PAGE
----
By CURTIS J. PHILLIPS, Connect Contributor
Dan Hodgson, 20 years; Chris Phillips, 18 years and counting; Nolan Pratt, 16 years; Harlan Pratt, 15 years and Trevor Buchanan, 13 years.
Add to the list of “Hometown Hockey Heroes” that stood the test of time – be it in the National Hockey League (NHL) or minor professional hockey circuit – Dan Stewart, as he enters his 14th year of lacing up the skates for a pay cheque.
He is about to set a record for durability as having played the most games for an international hockey player in Great Britain’s Elite Ice Hockey League (EIHL). Connect caught up with Stewart in Kirkcaldy, Scotland, where he plays for the Fife Flyers.
Connect: “Danny, did you ever think that you would have been entering your tenth year playing in EIHL?
“I could never have imagined that I would be spending 10 years at this level in the UK,” said Stewart, 36, who spent his first three years of pro hockey in the North American United Hockey League
“I could never have imagined that I would be spending 10 years at this level in the UK,” said Stewart, 36, who spent his first three years of pro hockey in the North American United Hockey League. “When I first came over it was to get my foot into Europe and see a different part of the world whilst continuing to play the game I loved. Many factors have played part in me staying over here but in short, I have enjoyed my time here and have made a good living playing a sport!”
Connect: “How has it changed your life” was our next query?
“It has not changed my life that much, day to day,” said Stewart, a five-foot-ten defenceman. “Probably the biggest change has been limiting my time with family and close friends that I grew up with. It’s tough sometimes being away from everyone, but life leads us in different directions and I still stay in touch with a lot of good people in Canada, and specifically Fort McMurray.”
Another major change is that his better half, Harrier, is expecting their first child in a few weeks: “We have been together six years now and we are very excited to be welcoming our new addition.”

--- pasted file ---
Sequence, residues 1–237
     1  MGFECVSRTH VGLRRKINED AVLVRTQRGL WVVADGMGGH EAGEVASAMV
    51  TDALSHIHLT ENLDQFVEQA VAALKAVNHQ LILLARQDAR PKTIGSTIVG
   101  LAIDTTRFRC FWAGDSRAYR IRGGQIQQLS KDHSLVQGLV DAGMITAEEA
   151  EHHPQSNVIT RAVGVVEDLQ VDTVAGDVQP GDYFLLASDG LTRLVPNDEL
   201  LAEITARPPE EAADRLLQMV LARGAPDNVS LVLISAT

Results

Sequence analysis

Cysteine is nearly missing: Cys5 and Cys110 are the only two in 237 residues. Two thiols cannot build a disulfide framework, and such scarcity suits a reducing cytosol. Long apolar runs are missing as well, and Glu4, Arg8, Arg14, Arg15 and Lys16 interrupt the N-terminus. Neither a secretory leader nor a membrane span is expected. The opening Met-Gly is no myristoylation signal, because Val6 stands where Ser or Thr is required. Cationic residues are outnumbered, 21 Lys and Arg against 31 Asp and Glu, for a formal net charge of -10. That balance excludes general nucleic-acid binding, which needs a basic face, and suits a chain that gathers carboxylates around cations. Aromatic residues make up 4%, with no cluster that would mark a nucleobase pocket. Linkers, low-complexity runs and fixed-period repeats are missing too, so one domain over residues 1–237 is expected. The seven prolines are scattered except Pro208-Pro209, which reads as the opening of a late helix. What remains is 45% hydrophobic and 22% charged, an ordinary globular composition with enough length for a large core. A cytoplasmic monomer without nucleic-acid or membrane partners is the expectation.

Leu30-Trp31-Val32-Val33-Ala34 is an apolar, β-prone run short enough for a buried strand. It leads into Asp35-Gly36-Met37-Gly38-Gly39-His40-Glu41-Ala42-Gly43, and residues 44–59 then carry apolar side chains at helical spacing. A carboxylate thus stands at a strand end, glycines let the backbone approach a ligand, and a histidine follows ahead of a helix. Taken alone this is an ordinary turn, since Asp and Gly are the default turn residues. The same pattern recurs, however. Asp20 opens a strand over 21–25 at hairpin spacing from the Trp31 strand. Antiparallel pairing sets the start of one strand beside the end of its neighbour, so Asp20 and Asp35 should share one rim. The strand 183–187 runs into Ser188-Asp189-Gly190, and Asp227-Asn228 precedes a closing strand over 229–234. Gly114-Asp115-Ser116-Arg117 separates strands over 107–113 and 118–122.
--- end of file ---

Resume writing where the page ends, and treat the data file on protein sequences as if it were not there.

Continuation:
Family and hockey is important to Stewart, his two older brothers Bobby and Jay having played integral roles.
“Bobby and Jay have been very influential,” said Stewart of his brothers. Bobby captained the Maine Black Bears to an NCAA Division I title, while Jay skated around the ice as part of the NCAA Division III champ University of Wisconsin at Superior Yellow Jackets.
“I always looked up to them growing up, as they were both very good players themselves. I always took part of their game and tried to make them my own,” he said.
“I always looked up to them growing up, as they were both very good players themselves. I always took part of their game and tried to make them my own,” he said. “I think I ended up a bit of a combination of both in the sense that they both played different styles and I ended up a bit of a combo of skill and grit. The biggest influence was probably off the ice where years of being the youngest left me with a bit of an edge and the ability to cope with anything thrown my way. I am sure anybody with two older brothers could relate to what I mean.”
Stewart, who played his post-secondary hockey at Miami University in Ohio, had a chance to play competitive hockey with his brothers in later years; Jay in 1997-98 with the Junior A Oakville Blades and in the pro ranks with Bobby and the 2003-2004 Fort Wayne Komets.
“Playing with Bobby is something I never thought I would get the chance to do due to our age gap (five years), but we had a lot of fun that year… other than dropping the gloves in our first full practice together. They broke it up quick as Bobby was the top scorer the year before (48 goals 34 assists) and they want the rookie putting him on the IR.”
Of his future in the sport, Stewart says: “As to how long I will play? I’m not even sure. I take it year by year right now and judge things by how my body feels and my state of mind. Starting a family may change things as well, but for right now I still enjoy playing and being competitive.
“I guess the main thing to explain my longevity would be hard work and never getting complacent. Many guys at the minor pro level lose that work ethic once the dream of making the NHL passes us by and it’s those that keep the good habits and work rate that succeed at his level.”
Filling the role of player/coach the last few years, Stewart anticipates one day going full time wearing the suit and tie behind the bench.
“I took on the player/head coach role in Newcastle Vipers (2010-2011) for a low budget club for one season, it was definitely quite the experience. And, I learned as much in that season as some do in five. Shortly after my arrival, in Fife, and I was made player/assistant coach my first season. The past four seasons, including this one, I have been player/ associate coach.”
Catch you on the rebound.
– Connect Weekly –